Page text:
DENNIS ALEXIO & THE LAST BASTION OF A TEENAGE MEMORY
By Michael Schiavello
Michael Schiavello’s love affair with kickboxing and the fight game can be traced back to one specific moment, or more precisely one specific person.
American Dennis Alexio was kickboxing’s heavyweight world champion when I interviewed him in Melbourne in 1992. He was a big shark in a small pond, boasting an unbeaten record as a heavyweight, with his only loss coming to Don ‘The Dragon’ Wilson as a light heavyweight. Three years earlier he had shot to international fame with a starring role alongside Jean-Claude Van Damme in the hit film Kickboxer. I remember watching Kickboxer in high school and one of my friends saying, ‘That guy who played Van Damme’s brother is the real heavyweight kickboxing champion.’ We didn’t believe him. Of course this was the same friend who said it was illegal to attain any more than a fifth dan black belt practising martial arts in Australia. Strangely I believed that at the time!
Alexio was in Melbourne for the most hyped fight in kickboxing history against Stan ‘The Man’ Longinidis. It had taken more than a year for the fight to come to fruition, since Longinidis first jumped on the ropes following a victory in the USA, picked Alexio out of the crowd of ringside observers and challenged him to a fight. Alexio, who was sitting among such company as Chuck Norris and Priscilla Presley, felt Longinidis had embarrassed him and vowed to make the Australian pay one day. Thanks to some crafty negotiating from promoter and fashion king Christopher Chronis, including giving in to Alexio’s demands that the fight be set for 12 x 3 minute rounds (as opposed to the normal 12 x 2) and that both men wear shin and instep protectors (as opposed to the normal bare shin and bare feet), the fight was set for December 6 1992 at the Melbourne Sports and Entertainment Centre.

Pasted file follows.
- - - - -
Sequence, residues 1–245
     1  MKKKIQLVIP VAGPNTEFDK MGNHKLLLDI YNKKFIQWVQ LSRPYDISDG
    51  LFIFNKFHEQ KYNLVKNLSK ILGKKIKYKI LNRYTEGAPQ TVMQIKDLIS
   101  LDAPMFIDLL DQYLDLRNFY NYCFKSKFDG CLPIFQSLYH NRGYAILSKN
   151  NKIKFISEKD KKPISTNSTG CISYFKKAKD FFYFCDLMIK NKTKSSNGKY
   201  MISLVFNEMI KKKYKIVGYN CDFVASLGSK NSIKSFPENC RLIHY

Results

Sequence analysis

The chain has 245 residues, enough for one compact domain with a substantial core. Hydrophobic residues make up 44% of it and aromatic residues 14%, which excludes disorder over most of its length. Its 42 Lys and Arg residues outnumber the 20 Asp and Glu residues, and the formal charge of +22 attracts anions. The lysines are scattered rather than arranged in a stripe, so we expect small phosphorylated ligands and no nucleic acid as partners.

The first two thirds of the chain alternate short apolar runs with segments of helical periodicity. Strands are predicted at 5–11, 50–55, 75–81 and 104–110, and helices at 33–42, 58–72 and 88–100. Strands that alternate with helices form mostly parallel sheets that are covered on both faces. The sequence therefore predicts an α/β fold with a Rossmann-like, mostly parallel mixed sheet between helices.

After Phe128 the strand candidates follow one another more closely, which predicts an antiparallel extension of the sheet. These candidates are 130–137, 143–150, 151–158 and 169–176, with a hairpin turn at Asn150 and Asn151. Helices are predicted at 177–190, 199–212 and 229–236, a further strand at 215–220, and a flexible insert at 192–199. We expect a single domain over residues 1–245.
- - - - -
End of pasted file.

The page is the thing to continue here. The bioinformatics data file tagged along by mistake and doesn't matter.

At the time I was hosting my own Sunday morning sports show on community station Southern FM (3SCB). I was known as “Mr Scoop”, a 17 year old kid who somehow managed to get exclusive interviews with international sports stars where professional journalists failed. I’d interviewed everyone from cricket stars such as Wasim Akram and Richie Richardson to tennis stars such as Goran Ivanisevic and Stefan Edberg, and even soccer great Pele.
I discovered that Alexio was staying at the Rydges Hotel in town and so performed my usual trick of simply calling up and asking to be put through to his room. I dropped my voice an octave again but refrained from faking an American accent for obvious reasons.
“Are you a friend or associate of Mr Alexio’s?” asked the receptionist.
“I’m from a major radio station and have a live interview scheduled with him in two minutes,” I lied with a sense of urgency.
“Of course sir,” came the quick reply. “Connecting you now.”
That afternoon I caught a bus into town and found myself sitting in the hotel room of the world’s heavyweight champion. He was dressed in black tracksuit pants and a sky blue singlet, showing off a massive pair of tanned arms with biceps so large they looked ready to break through the skin. Indeed everything about Alexio screamed larger-than-life. He oozed charisma and it wasn’t hard to see why he had been offered several more silver screen roles and developed the biggest following in kickboxing history – especially among female fans.